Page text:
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Author Topic: Magical (and not) organizations: Pro and con and good advice  (Read 5138 times)

RecycledBenedict

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Magical (and not) organizations: Pro and con and good advice
« on: April 24, 2016, 07:10:01 pm »
In another recent thread in the beginner-friendly sub-forum, a discussion branched off into the topic of lodges, covens and other magical organizations, which is prescribed to be discussed here.

There are advantages and disadvantages of every sort of organization. All human beings are fallible. Every type of group or organization have the potential to function well and the potential to malfunction in a gruesome way. To claim that a group isn't an organization at all is not a useful way to go: Even a very loosely and informal working group is a sort of organization, although not a tight or well-defined one, and such a lack of definition contain risks of their own, just as a very centralised and hierarchical organization run the risk of opposite problems.

I start this thread for a general discussion about how to make magical groups of every sort as well-functioning as possible.

I have a few thoughts to share, but let us pool our experiences and ideas, and see what turns out of it.

Very informal groups run the following risks:
  • They may become defunct, because the group hasn't agreed who is responsible for calling the group together
  • The fear of structure keep the group from agreeing on regularity of gatherings, and the group becomes defunct because of that
  • The lack of defined purpose leads to a too broad member base, and quarrels about purpose causes the group to split - in good cases in two or three groups, each with purposes that are defined in a better way, but in bad cases a split into nothing
  • An insistence on that everyone shall do anything misses to match talents with responsibilities
  • A too informal and friendly atmosphere may cause the group to stop practicing magic and begin to drink coffee and eat cinnamon buns instead


Extremely hierarchical groups run the following risks:

  • The person most knowledgeable about magic is given the responsibility for economy and administration, which are talents not necessarily present in one and the same individual
  • The charter of the order, coven, lodge, temple, encampment, circle, grove, dolmen or whatever they call it, lack a way to demand the Head Officer to step aside in a case of power abuse, psychiatric instability, financial mismanagement or similar
  • The charter lacks proper checks and balances
  • Financial and/or administrative decisions are made while in an altered state of consciousness
  • Uncritical reliance on oracular statements from alleged discarnate entities are given decisive weight in financial and/or administrative matters
  • An inflexible structure or favouritism causes the group to miss to match talents with responsibilities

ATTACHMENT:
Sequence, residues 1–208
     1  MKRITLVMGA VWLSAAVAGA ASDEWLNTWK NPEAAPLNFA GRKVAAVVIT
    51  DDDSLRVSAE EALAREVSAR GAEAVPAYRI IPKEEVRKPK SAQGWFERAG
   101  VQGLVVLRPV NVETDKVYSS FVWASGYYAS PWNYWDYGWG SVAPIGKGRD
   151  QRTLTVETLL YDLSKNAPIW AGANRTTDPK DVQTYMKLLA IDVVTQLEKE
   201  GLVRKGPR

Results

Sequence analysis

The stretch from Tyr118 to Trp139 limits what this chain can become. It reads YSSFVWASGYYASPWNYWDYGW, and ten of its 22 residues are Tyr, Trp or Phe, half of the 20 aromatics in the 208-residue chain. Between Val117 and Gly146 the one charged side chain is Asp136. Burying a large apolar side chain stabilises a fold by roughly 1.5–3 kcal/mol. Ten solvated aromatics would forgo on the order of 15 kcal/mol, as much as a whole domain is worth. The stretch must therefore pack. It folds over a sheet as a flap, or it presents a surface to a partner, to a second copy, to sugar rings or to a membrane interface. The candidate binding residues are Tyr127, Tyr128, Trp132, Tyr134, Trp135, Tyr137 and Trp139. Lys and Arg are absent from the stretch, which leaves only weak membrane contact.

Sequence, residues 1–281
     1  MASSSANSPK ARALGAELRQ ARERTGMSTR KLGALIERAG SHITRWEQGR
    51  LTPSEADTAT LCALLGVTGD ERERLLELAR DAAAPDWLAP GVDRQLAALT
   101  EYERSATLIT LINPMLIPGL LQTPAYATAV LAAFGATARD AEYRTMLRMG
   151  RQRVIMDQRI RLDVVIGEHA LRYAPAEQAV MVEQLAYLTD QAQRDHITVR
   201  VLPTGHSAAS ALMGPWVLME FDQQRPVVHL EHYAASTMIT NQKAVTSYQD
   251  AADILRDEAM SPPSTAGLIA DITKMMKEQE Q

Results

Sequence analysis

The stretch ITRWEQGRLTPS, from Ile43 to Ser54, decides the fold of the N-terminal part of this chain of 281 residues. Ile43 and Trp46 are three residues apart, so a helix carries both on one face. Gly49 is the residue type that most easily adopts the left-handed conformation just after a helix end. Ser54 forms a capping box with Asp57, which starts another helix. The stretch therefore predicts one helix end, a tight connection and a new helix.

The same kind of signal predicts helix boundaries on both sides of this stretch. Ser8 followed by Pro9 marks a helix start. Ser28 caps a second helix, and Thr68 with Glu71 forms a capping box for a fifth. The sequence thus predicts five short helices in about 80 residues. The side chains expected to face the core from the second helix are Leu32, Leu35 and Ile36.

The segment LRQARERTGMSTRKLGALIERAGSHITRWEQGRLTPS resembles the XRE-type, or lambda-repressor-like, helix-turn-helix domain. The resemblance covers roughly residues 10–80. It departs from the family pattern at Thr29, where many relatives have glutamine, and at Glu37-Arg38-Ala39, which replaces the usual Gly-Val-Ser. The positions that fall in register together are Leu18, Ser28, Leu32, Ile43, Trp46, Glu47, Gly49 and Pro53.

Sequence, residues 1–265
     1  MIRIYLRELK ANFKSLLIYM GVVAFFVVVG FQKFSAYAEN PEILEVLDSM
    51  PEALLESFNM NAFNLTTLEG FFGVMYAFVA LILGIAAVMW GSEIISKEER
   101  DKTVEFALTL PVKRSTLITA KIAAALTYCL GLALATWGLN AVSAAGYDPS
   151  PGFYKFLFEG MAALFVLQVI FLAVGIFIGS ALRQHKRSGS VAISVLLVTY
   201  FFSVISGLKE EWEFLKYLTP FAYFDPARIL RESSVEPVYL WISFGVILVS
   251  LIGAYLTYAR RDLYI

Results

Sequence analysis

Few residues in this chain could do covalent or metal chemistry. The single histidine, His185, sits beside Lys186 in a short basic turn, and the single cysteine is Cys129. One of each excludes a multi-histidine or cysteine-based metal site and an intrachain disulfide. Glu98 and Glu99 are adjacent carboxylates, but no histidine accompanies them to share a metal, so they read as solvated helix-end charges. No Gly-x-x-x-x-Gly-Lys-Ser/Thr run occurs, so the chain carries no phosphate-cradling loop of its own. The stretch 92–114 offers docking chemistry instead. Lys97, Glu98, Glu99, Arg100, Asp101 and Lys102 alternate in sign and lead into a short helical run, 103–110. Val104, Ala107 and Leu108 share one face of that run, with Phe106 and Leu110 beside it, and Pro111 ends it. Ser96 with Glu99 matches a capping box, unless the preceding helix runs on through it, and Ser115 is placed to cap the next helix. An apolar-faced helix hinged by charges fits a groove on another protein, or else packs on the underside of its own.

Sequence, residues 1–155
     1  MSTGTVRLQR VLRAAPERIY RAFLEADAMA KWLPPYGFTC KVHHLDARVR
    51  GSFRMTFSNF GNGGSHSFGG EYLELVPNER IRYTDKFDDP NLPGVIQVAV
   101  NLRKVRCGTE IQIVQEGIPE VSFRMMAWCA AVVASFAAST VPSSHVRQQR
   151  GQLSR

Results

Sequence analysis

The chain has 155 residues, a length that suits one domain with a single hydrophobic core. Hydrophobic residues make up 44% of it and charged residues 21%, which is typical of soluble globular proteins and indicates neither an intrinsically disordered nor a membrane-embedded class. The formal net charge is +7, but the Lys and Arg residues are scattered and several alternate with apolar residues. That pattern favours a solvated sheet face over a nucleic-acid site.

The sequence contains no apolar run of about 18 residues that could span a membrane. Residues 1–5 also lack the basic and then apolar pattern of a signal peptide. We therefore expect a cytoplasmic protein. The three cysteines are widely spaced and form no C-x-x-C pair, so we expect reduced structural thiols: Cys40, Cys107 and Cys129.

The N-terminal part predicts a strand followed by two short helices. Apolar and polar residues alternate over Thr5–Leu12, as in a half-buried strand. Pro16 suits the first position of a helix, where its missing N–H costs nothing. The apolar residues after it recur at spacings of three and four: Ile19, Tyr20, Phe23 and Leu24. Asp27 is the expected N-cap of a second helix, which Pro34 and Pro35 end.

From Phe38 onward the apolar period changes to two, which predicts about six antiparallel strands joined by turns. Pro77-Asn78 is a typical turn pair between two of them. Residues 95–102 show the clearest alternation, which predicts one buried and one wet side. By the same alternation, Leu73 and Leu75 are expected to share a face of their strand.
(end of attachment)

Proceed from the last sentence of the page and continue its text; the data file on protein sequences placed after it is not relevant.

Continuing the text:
• The formal protocol becomes more important than actual magical work
  • An old group run the risk to not update its mandatory reading-lists, which causes members to rely on outdated information. Although this not necessarily leads to bad proficiency in magical technique, the theoretical reflection will suffer

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Re: Magical (and not) organizations: Pro and con and good advice
« Reply #1 on: April 24, 2016, 07:29:22 pm »
Quote from: FraterBenedict;190321
In another recent thread in the beginner-friendly sub-forum, a discussion branched off into the topic of lodges, covens and other magical organizations, which is prescribed to be discussed here.

 
Edited the thread title to indicate that the discussion need not be limited to magical organizations; most of these issues also apply to pagan organizations that don't practice magic, or only as a small part of what they do.

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RecycledBenedict

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Re: Magical (and not) organizations: Pro and con and good advice
« Reply #2 on: April 24, 2016, 07:35:49 pm »
Quote from: SunflowerP;190324
Edited the thread title to indicate that the discussion need not be limited to magical organizations; most of these issues also apply to pagan organizations that don't practice magic, or only as a small part of what they do.

Sunflower


Oh. Yes. That seems reasonable. But my example of the inappropriateness of making financial decisions while in trance is probably more exclusive to the magical ones. As an old friend of mine once said (Culturally anglicized for comprehensiblity reasons): You ought not buy milk at Tesco, while you are in a mental state when you believe you are Horus.

RecycledBenedict

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Re: Magical (and not) organizations: Pro and con and good advice
« Reply #3 on: April 24, 2016, 08:22:48 pm »
Quote from: FraterBenedict;190321
I start this thread for a general discussion about how to make magical groups of every sort as well-functioning as possible.


Another potentially problematic matter, which all sorts of groups share (so I didn't put it in any of the two illustrative lists), is whom to let into the group.